“I wouldn’t do it,” he said, adding that “it’s just not clear they will be able to sell it to a developer at a reasonable price; someday at a reasonable price, maybe. But there is nothing about Atlanta right now that says to me that you’re going to see a lot of commercial property development of any kind.”
The city has already had informal discussions with developers interested in purchasing the property, according to redevelopment coordinator Andrea Hall. The corner property sits close to the Windy Hill road connector project, which is expected to be completed next year. Hall said the connector will increase traffic to the area, making the land a prime location.
The apartments are owned by Capmark Affordable Equity, a subsidiary of Pennsylvania-based Capmark Financial Group, which filed for bankruptcy in October 2009. The entire property, including the land was appraised at $23.8 million this year. After being put up for sale some time ago, the property has been back on the market about three months, said Gina Dowdy, regional manager for First Communities Management, which handles operations for the complex.
Smyrna’s offer was $5 million lower than the company’s $14.5 million asking price.
Calls to Capmark were not returned.
Glen Darby’s real estate office is just down the street from the complex.
“I’m not sure Smyrna should be doing this right now. The city has too many areas where they’ve torn things down and haven’t built them back up,” he said. “There are many other things they could be spending money on.”
City resident and outspoken council challenger Mary Kirkendall agreed.
“Why would they even buy this land in the first place? Let the private developers buy these properties,” she said. “We don’t know what the city is doing. We never know what the city’s plans are.”
There was no discussion of the project and bond agreement during the council’s meeting and vote on Oct. 4. Councilman Wade Lnenicka cast the only dissenting vote, but would only say last week he has concerns about the project when asked by the AJC to elaborate.
A public meeting scheduled for next week to get community input on the plans was canceled because negotiations haven’t reached a point to disclose more information, Hall said. No makeup date has been set.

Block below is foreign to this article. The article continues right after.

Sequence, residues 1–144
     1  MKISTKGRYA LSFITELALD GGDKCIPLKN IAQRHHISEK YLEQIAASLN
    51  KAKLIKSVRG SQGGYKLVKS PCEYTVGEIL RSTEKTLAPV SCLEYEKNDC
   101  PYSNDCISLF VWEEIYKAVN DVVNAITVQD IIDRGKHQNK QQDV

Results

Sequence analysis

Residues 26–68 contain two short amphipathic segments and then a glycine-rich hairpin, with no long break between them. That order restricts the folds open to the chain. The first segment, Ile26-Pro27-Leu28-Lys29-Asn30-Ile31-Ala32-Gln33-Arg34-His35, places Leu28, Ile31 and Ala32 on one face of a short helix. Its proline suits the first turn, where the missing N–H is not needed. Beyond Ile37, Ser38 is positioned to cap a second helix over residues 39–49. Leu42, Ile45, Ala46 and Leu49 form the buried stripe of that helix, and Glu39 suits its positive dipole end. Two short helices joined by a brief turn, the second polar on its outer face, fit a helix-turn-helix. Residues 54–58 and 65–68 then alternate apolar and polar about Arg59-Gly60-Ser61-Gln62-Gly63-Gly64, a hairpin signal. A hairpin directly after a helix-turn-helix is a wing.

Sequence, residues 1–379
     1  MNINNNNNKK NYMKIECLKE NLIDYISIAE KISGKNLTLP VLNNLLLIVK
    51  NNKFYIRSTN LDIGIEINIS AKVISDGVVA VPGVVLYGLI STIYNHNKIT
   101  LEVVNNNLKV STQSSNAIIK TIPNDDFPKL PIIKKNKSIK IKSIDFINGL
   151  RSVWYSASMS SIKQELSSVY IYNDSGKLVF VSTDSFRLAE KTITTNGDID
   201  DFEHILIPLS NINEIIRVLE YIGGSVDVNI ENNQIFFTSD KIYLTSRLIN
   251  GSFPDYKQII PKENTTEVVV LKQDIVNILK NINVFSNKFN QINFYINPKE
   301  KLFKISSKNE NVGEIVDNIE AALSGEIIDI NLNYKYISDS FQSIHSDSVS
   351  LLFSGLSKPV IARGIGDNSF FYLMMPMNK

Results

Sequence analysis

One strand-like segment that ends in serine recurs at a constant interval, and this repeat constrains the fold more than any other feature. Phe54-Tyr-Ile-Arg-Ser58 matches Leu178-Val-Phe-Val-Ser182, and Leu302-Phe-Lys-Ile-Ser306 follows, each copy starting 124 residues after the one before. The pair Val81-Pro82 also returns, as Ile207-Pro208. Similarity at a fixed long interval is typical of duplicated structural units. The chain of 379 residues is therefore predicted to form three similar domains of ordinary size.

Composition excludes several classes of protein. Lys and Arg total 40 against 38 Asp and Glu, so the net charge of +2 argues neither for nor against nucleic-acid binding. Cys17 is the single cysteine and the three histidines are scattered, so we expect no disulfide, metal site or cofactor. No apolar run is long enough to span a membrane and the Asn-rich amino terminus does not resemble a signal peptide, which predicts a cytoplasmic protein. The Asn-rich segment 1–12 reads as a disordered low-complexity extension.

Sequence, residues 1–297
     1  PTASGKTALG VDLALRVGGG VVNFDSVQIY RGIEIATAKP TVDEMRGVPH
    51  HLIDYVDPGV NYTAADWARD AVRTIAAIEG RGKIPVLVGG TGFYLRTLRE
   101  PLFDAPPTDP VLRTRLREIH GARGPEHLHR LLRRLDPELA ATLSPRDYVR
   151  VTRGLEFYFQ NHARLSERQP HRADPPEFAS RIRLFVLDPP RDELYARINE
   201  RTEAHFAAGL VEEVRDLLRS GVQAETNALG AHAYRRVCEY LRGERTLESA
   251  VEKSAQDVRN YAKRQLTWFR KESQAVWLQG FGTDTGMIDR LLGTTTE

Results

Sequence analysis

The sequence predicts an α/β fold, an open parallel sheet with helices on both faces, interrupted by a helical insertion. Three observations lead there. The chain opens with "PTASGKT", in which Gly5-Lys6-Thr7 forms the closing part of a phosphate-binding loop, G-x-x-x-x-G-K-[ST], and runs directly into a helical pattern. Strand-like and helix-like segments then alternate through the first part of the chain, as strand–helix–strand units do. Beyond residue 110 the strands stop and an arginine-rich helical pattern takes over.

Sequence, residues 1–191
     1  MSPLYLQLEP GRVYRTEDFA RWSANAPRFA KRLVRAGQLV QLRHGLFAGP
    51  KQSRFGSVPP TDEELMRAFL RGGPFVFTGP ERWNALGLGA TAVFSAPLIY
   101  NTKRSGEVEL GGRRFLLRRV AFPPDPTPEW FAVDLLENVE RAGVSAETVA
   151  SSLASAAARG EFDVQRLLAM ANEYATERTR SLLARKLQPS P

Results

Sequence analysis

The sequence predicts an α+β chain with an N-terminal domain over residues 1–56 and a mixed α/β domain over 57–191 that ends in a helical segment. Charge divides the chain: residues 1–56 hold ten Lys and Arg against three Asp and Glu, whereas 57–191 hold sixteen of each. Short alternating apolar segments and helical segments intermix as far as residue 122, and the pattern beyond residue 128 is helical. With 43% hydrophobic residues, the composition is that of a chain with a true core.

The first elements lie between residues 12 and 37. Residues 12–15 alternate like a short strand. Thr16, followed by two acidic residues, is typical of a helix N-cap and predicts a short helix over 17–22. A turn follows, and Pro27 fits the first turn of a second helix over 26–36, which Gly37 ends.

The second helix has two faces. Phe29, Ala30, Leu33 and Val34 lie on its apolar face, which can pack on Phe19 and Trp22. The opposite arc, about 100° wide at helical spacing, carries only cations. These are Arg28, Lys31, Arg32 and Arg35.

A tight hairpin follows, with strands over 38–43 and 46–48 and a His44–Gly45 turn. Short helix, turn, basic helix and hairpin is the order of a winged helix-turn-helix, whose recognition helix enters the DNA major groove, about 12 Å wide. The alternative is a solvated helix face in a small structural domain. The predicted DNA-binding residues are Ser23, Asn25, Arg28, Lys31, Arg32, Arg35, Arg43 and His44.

Smyrna has had success with this type of redevelopment, Hall said, citing the Market Village downtown redevelopment and the Belmont Hills project at Windy Hill and Atlanta Roads. The economy has stalled the $250 million mixed-use Belmont project, which was slated to open this summer, but the developer is still committed to finishing, Hall said. A $130 million mixed-use development project, Jonquil Village, at Atlanta and Spring Roads, has also stalled. The city purchased the Smyrna Commons apartment complex off Ward Street for a road right-of-way, and still operates operates the apartments through its housing authority.
It cannot afford to operate Hickory Lake as an apartment complex while waiting for a developer to emerge, Hall said.
In addition to the economic development potential of the site, city leaders have mentioned crime as one of the key reasons for shuttering Hickory Lake apartments.
Crime reports at Hickory Lake this year have been triple that of other similarly-sized complexes elsewhere in the city, including 21 assaults involving a gun, 28 burglaries, five robberies, two sexual assaults, seven vehicle thefts and a dozen drug possessions. No homicides have been reported over the past two years.
Statistics from the Smyrna Police Department indicate a total of 195 crimes were reported in the complex last year. Between Jan. 1 and Sept. 30 of this year, 122 crimes were reported.
Other apartment complexes like Keeneland Farms, The Village at Lake Park and Wyndcliff Galleria had 21, 42, and 41 crimes reported respectively during the same time frame.
Hickory Lake resident Donte Roberts, 20, heard about the sale on the news, and said crime in the complex has worsened in the past few years.
He’s still sad to see the apartments go.
“It’s tearing down my childhood, basically, because I used to stay here when I was very little,” Roberts said.
If the sale goes through, the city plans to tear down the complex sometime next year and help residents find other housing, but they will not be paid to move.